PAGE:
On Running.

I am not an athlete.

From the age of two, I could ride a horse. Between the ages of 11 and 15, I learned both English and Western styles. Then we moved and the closest barn involved a two hour commute. This spelled the momentary end of my horseback riding career, something I will hopefully remedy. Horseback riding makes me feel alive. Galloping along the hills on top of a horse fills me with a strong sensation of freedom. Just me and my steed against the world. Nothing holding you back. It is an intoxicating feeling that I find myself craving. No other athletic activity quite comes close to this feeling of complete and utter freedom of horseback riding.

However, I recently discovered ultra-marathon running. I am not an ultra-marathon runner, I have yet to conquer a regular marathon. An ultra-marathon is a 100 mile, 24 hour long run. A regular marathon is 26.2 miles. I did complete a turkey trot, a 5k, last Thanksgiving.

As a casual runner, I do not totally enjoy running. Occasionally I have experienced the “runners high”, which comes close to replicating what I feel when riding. Not quite the same though. What I do not enjoy about running is the actual process of running. I did spin class until I got too strong for the bike. So I switched over to running for a change.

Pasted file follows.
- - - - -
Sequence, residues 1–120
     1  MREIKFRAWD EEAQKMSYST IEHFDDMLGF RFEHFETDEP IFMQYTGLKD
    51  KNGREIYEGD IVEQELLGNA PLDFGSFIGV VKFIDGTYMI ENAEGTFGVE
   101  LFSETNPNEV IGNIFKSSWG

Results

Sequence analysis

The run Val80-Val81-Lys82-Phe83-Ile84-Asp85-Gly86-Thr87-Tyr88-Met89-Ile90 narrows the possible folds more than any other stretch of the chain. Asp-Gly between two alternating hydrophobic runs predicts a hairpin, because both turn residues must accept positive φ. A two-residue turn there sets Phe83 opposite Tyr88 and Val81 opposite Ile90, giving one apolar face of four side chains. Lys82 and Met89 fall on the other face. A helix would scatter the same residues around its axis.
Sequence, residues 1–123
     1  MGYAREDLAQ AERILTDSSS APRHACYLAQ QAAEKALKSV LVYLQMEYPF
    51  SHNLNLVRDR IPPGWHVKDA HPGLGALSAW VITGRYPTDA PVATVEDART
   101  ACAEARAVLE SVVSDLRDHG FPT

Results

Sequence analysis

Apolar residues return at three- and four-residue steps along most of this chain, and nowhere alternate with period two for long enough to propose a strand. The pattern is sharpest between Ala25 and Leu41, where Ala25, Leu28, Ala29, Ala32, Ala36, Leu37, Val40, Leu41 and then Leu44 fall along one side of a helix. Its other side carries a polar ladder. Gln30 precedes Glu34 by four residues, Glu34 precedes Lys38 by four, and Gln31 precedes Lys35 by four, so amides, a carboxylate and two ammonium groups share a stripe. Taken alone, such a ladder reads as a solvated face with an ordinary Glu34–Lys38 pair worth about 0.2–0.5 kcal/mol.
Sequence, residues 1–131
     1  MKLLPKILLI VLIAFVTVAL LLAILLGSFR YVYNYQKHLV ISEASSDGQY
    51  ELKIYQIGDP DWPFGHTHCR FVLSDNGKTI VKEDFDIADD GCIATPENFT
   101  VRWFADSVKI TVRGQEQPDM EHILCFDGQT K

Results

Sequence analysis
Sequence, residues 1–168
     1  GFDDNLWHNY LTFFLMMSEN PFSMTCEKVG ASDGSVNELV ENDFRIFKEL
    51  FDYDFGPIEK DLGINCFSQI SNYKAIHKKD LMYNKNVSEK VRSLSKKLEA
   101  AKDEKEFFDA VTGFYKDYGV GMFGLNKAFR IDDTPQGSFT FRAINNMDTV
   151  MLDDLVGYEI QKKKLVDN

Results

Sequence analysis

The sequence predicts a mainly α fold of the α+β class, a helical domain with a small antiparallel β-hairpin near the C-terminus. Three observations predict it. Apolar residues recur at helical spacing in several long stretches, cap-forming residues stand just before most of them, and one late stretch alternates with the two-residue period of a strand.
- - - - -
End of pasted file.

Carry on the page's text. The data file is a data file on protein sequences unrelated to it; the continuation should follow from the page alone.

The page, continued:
I may not enjoy running but I love to read about running. Current obsessions include:

The art of running exists in every culture and society. Throw on some shoes and go pound some pavement. Yet anyone who runs soon realizes that the human body actually does not function great at running, especially if you go from zero to 100 in three seconds. Take your time people. 

Ultra-marathon running is a fascinating case study in the durability of the human body. If you eat well, practice, stretch, and work hard, you can run 100+ miles without over straining. On one hand the human body sucks at running but gets better once you start training with intentionality. You cannot outrun a poor diet and bad training program.

Ultra-marathoners differ from normal marathoners in intensity and, sometimes, dedication. Running 100 miles takes a bit more intentionality than pounding out 26. It took me three years to go from barely running to pounding out six miles in an hour. I only improved after adding in a weight training regime involving lots of squats and lunges.

I find reading about people achieving great athletic achievements inspiring. If an average guy can take on a 100 mile run with no experience, I can knock out six. 

The human body needs to move. Personally, I know I fee better after moving The world becomes a little clearer and less cluttered. I doubt running will ever replace the wondrous freedom of horseback riding, but it comes a lot closer than spinning ever did. Even if you have never run, go for a walk every once in a while. It causes the world to slow down and become less busy.

KaylaAnn

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Phillip McCollum

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